Chuma believes that moving with his wife Rispah whom he met in medical school made the transition less difficult. He worked for two years at the company before joining Sanofi Aventis as a national sales manager for a blood thinner. While at Sanofi, he established his own company called Lighthouse Pharma selling supplements through Dischem and independent courier pharmacies.

“In 2006, after a year at Sanofi, I felt that my company was doing well enough for me to take a leap of faith and run it on a full time basis,” he recalled, this time with a smile. “We were able to get more products into the Dischem chain of pharmacies and in 2008 we decided to make our company bigger by selling a majority stake to our suppliers Vitabiotics UK.”

When asked whether the move to full time business was easy, his frown returned as he explained with an air of seriousness what the trying times have taught him.

“I think one should go to a school of psychology rather than a business college when contemplating becoming an entrepreneur,” he advised. “I did a business diploma and later pursued an MBA which I thought would equip me for the challenges ahead. Well, that doesn’t prepare you mentally to be tough when sales are slow and you have to pay salaries.”

The biggest challenge that Vitabiotics faced was that of distribution. Chomba revealed that to get a product like Immunace to a place like Upington by courier costs more than the product itself. Hence it was a big break for the company when their products were approved for distribution through Clicks which has about 400 stores and 280 pharmacies nationally.

“That was a new beginning for us,” he beamed.

And speaking of new beginnings, I asked Chomba about a new association he has been at the forefront of founding known as the Kenyan Diaspora Association of South Africa (KEDASA).

“We had a meeting in May to form the association as an umbrella body for the many different Kenyan groups that exist in South Africa. The inaugural office bearers are drawn from these groups and so far we have presented our views to President Mwai Kibaki in Pretoria, hosted the Commission for the Implementation of the Constitution (CIC) and I represented the association at the meeting of Kenyan Ambassadors held in Mombasa.”

At the time of the interview, the association was also working on a plan to mobilise assistance for Kenyans who have been affected by the ongoing drought in East Africa.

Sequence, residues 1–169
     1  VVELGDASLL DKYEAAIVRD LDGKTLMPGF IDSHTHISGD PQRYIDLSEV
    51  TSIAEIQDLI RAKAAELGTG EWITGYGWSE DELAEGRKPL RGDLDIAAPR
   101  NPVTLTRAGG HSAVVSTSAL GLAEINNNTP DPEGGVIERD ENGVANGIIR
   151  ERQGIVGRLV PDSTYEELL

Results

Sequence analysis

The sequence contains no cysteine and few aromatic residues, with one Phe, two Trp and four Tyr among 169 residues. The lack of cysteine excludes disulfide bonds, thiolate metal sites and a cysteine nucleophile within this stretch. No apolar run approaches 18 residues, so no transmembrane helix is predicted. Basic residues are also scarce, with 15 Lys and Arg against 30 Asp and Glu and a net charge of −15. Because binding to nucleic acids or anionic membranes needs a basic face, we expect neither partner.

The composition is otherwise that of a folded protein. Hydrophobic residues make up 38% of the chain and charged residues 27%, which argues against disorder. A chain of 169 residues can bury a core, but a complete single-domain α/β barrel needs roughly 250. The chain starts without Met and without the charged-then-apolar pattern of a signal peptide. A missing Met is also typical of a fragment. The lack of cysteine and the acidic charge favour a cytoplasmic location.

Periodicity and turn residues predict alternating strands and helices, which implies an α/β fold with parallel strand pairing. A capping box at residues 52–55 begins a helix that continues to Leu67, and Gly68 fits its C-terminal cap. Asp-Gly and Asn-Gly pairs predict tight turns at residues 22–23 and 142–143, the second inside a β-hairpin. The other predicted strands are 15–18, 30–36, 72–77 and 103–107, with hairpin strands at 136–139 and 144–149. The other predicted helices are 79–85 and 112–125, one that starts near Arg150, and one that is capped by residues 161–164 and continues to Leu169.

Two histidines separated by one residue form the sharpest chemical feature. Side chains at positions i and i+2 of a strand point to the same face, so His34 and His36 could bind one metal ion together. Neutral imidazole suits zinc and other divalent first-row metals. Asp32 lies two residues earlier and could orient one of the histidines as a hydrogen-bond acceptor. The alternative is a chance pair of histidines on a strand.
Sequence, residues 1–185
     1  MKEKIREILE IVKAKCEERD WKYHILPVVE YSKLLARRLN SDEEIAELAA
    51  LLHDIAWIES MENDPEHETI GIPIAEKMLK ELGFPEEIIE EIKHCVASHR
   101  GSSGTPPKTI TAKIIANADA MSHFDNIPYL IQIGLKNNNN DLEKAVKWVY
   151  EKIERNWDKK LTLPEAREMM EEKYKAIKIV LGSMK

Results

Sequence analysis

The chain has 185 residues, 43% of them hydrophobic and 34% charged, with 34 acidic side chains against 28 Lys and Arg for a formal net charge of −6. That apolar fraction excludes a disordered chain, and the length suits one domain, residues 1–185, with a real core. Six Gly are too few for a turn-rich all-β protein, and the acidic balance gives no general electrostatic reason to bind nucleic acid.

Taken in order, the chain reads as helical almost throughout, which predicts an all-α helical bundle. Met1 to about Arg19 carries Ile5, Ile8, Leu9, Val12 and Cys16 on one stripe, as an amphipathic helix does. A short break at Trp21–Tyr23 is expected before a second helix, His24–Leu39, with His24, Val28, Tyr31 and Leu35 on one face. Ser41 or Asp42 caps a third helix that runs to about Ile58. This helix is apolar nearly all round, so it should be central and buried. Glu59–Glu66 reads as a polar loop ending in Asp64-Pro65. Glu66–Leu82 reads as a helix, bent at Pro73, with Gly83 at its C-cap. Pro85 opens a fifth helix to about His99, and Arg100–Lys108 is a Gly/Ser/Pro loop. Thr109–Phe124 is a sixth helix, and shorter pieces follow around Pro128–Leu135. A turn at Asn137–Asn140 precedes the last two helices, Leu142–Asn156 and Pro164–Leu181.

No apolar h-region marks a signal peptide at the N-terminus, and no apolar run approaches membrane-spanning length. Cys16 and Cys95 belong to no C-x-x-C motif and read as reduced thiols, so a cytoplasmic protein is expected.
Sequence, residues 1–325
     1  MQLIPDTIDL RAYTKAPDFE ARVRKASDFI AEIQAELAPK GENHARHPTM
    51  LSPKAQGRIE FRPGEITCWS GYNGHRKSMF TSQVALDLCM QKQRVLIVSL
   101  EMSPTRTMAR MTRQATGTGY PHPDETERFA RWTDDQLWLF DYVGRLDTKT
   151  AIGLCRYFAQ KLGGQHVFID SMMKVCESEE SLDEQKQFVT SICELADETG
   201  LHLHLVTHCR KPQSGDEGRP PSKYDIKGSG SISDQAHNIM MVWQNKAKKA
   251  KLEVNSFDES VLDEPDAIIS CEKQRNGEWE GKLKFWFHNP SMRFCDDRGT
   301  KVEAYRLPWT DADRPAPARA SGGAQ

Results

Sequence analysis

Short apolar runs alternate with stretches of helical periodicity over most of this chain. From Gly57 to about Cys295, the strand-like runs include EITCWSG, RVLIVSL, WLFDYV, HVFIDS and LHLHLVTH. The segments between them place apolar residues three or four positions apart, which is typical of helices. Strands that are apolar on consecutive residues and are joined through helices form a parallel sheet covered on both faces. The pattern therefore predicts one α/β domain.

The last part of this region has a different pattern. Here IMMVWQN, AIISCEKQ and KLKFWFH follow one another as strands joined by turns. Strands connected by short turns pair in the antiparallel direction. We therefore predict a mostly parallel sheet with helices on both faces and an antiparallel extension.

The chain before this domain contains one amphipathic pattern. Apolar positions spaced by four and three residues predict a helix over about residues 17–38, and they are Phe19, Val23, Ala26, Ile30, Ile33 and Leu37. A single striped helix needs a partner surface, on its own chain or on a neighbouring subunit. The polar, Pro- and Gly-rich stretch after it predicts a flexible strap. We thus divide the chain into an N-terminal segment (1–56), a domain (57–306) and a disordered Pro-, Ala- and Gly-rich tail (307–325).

“The association has a draft constitution largely borrowed from a similar association for Kenyans in Holland,” Chomba explained continued. “It will guide the membership and leadership structure as well as establish a continuous process for raising funds to make it self-sufficient. It is important that the organisation unlike the many that came before it outlives its interim office bearers.”

Conscious of the many organisations that have previously represented Kenyans in SA, I ask Chomba what makes KEDASA different.

“Being an umbrella body means that we essentially have corporate members including a number of churches, Prokey, KESABA, student bodies, KEFA and the Upendo Women’s Investments Group. Our approach is different seeing as we are not competing with these organisations but rather inviting them to participate in a collaborative effort. If you consider the success of the CIC meeting, belonging to an umbrella body facilitates communication as the different bodies bring in their members for each project.”

Chomba is a 36 year old father of two; daughter Lerato and son Tsepo. His plan is to establish a few companies in SA over the next decade that can run themselves without his involvement then return to Kenya to participate in national development.

 Article available online – http://www.expatriate.co.za/index.php/articles/38-profiles/124-kc-rottok.html

 

Vitamin Boost – Entrepreneur

BY XOLILE BHENGU, APRIL 02 2012, 10:56

Vitabiotics SA MD Chomba Chuma doesn’t regret switching careers from medical doctor to businessman. While working for a multinational pharmaceutical company, the Kenya-born doctor saw an opportunity in the SA market to start a company supplying complementary medicines.

“I started up with my own capital, buying Vitabiotics products from the UK and selling them in SA.” Chuma then formed a joint venture with Vitabiotics UK with capitalization of £100,000.

“It was simple but not easy. I made a solid case for SA and Africa as a market but the perceptions about Africa always weigh down on business decisions. However, after the first year and with excellent results it became easier,” he says. “Complementary medicines are huge in Kenya and Nigeria, where the market covers a wider group of products including herbs, homeopathy and traditional preparations.